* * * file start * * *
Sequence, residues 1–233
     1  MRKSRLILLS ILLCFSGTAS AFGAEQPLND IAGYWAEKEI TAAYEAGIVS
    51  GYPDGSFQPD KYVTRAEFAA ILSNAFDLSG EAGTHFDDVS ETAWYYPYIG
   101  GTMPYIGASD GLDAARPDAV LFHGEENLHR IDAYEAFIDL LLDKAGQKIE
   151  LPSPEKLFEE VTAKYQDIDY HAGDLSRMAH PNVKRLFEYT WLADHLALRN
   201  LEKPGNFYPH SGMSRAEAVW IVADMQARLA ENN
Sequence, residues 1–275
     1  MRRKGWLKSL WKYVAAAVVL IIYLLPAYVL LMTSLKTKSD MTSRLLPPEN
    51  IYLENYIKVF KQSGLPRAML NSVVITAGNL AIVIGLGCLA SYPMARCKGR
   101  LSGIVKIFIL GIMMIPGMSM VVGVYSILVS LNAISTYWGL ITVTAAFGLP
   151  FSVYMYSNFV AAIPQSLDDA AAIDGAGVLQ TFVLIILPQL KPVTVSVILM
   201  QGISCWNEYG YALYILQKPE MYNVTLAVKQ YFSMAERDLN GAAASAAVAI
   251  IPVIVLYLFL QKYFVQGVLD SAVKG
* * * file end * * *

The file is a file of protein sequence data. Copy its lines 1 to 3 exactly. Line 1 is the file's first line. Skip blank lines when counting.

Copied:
Sequence, residues 1–233
     1  MRKSRLILLS ILLCFSGTAS AFGAEQPLND IAGYWAEKEI TAAYEAGIVS
    51  GYPDGSFQPD KYVTRAEFAA ILSNAFDLSG EAGTHFDDVS ETAWYYPYIG